Art Market

The 7 Best Booths at Frieze Seoul 2022

Osman Can Yerebakan
Sep 3, 2022 5:06PM

Frieze Seoul 2022. Photo by Lets Studio. Courtesy of Lets Studio and Frieze.

Seoul did not become Asia’s new art market capital overnight, according to Frieze Seoul’s director Patrick Lee. Between running his own gallery for 13 years and, most recently, working for the city’s long-standing Gallery Hyundai, Lee has seen many contemporary Korean artists—including Do Ho Suh, Lee Bul, and Haegue Yang—gradually generate major art world interest in the country and its capital.

Over the past two years, Seoul has emerged as a market hub as a wave of Western galleries opened locations across the city. When, in 2021, Frieze announced plans for its Seoul edition, international interest only grew. This groundswell of attention culminated this week as Frieze opened its inaugural art fair in Asia, in the heart of Seoul’s business-oriented Gangnam district.

On its opening day, September 2nd, Frieze Seoul greeted an eager, energetic crowd. Long lines spanned the second floor of COEX, a massive, multipurpose convention and shopping center which houses the fair. Clearly, the city is ready to claim a place at the global art scene’s table. “The international galleries are looking forward to meeting Korean collectors, too,” Lee told Artsy; the enthusiasm is mutual.

Installation view of Tina Kim Gallery’s booth at Frieze Seoul, 2022. Photo by Lets Studio. Courtesy of Lets Studio and Frieze.


For its expansion to Asia, the British export joined forces with Galleries Association of Korea and Kiaf, Seoul’s homegrown art fair. Kiaf opened its 21st iteration this week, with its most international programming to date. While Frieze Seoul brings over 100 exhibitors to the second floor of COEX, Kiaf brings 164 galleries to the first floor.

“Why not create something more powerful together?” Lee said about the two fairs’ collaboration. He thinks “the city’s positive attitude, convenient location within Asia, and fairly attractive business policies,” are among the reasons for Seoul’s new status as the region’s art hub. “And don’t forget: This is a city full of art institutions, such as Leeum Museum of Art or National Museum of Modern and Contemporary Art.” Lee has already set his eyes on collaborating with local nonprofits for next year’s iteration. Here are Artsy’s picks for the can’t-miss booths at Frieze Seoul.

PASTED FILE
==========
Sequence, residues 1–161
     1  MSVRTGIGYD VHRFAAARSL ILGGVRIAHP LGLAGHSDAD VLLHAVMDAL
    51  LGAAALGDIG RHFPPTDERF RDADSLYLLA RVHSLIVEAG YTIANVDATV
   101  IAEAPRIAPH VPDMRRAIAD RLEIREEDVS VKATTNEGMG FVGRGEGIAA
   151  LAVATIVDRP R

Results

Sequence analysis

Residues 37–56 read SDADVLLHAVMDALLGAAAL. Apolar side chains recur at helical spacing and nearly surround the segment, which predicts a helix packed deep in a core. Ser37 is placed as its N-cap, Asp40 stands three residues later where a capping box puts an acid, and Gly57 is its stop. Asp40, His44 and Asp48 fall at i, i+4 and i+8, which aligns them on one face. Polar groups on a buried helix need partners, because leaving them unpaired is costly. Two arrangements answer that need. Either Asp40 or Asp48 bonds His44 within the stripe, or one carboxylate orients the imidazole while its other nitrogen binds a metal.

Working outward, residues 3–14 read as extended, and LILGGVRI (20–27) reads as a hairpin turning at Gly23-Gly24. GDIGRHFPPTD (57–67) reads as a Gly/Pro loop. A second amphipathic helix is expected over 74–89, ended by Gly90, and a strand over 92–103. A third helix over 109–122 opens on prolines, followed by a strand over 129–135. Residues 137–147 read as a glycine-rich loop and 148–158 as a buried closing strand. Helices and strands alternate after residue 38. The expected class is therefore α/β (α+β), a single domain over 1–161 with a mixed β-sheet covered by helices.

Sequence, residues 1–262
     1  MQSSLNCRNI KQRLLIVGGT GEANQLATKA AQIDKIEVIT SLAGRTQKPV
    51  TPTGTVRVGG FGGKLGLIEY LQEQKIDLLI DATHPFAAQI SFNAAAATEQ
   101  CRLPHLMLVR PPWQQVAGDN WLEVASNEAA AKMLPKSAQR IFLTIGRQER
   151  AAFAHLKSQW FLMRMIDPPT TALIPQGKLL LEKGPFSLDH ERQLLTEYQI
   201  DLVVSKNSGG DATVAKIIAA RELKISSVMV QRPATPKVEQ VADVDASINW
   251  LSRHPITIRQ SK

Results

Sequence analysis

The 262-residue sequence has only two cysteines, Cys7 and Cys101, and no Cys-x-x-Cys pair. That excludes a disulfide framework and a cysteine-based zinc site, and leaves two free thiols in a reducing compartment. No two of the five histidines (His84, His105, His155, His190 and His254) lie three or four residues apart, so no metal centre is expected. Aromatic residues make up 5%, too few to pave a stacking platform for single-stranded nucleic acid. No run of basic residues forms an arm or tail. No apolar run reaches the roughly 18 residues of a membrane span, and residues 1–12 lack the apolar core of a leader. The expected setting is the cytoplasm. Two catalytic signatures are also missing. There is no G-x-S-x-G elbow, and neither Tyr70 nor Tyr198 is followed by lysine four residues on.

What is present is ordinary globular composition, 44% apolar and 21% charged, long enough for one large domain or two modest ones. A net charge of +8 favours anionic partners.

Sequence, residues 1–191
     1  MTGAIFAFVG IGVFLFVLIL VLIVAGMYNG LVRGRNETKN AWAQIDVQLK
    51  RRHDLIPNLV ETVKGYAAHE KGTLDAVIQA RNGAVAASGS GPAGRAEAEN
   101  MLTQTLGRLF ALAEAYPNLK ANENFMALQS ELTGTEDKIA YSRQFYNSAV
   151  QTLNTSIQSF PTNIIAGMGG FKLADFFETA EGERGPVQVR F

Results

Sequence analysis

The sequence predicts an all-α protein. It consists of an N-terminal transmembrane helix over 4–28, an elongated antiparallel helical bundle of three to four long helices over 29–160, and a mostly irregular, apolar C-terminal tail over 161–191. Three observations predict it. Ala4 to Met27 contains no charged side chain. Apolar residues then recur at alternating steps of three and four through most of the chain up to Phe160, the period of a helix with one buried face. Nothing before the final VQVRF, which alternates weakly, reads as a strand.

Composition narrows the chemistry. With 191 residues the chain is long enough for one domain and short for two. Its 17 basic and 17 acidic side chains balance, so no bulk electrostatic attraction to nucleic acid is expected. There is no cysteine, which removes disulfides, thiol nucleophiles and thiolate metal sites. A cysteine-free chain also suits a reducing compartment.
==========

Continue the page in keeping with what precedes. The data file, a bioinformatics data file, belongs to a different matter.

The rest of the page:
Kukje Gallery

Booth A13

With works by Jean-Michel Othoniel, Yoo Youngkuk, and Kibong Rhee

Jean-Michel Othoniel
Nœud Sauvage (Wild Knot), 2020
Kukje Gallery
Yoo Youngkuk
Mountain, 1973
Kukje Gallery

Many of Seoul’s established galleries exhibit at both Frieze and Kiaf, representing similar artists for potentially different collector bases. Kukje Gallery, which features two Korea locations—one in Seoul’s gallery-filled Samcheong district and one in the southern port city of Busan—is a 40-year-old institution that champions artists from both Korea and around the world.

The gallery’s booth embodies this duality with a large group display and catchy pairings. French sculptor Jean-Michel Othoniel’s large-scale, gray, mirrored glass bead sculpture, Nœud Sauvage (2020), hangs adjacent to late Korean painter Yoo Youngkuk’s Mountain (1973), an abstract landscape in shades of green. The former’s bodily roundedness subtly contrasts the poetic sharpness of the painting’s hilly forms.

Nature is also the protagonist in Korean artist Kibong Rhee’s large-scale plexiglass, acrylic, and mixed-media painting of a large tree. Its title, Backside of the memory (2016), and foggy surface perfectly capture the evanescence of recollection.


Booth A34

With works by Heidi Voet, Lin Ke, Sun Yitian, Bony Ramirez, Ivana de Vivanco, Michael Najjar, and Michael Lin

Installation view of BANK’s booth at Frieze Seoul, 2022. Photo by Lets Studio. Courtesy of Lets Studio and Frieze.

Shanghai-based gallery BANK has mounted an eye-catching booth with an explosive, candy-colored facade. A group of equally vibrant figurative paintings hangs inside.

Peruvian Chilean artist Ivana de Vivanco’s Dripping Around (2022) juxtaposes two energetic figures in striking pastel hues. Humor infuses in their weightless, determined postures. Dominican American painter Bony Ramirez’s similarly colorful, comical painting Oro Fino (2022) shows one of the artist’s signature semi-human, semi-animal figures: a woman with the legs of a feline and the torso of an ostrich.